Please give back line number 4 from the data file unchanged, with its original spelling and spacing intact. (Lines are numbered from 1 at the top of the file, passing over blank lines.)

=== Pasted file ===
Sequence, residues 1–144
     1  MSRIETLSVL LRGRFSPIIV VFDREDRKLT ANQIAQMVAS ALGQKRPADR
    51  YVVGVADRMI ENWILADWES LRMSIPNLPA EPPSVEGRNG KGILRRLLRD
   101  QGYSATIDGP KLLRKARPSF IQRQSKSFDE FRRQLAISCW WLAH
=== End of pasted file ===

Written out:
   101  QGYSATIDGP KLLRKARPSF IQRQSKSFDE FRRQLAISCW WLAH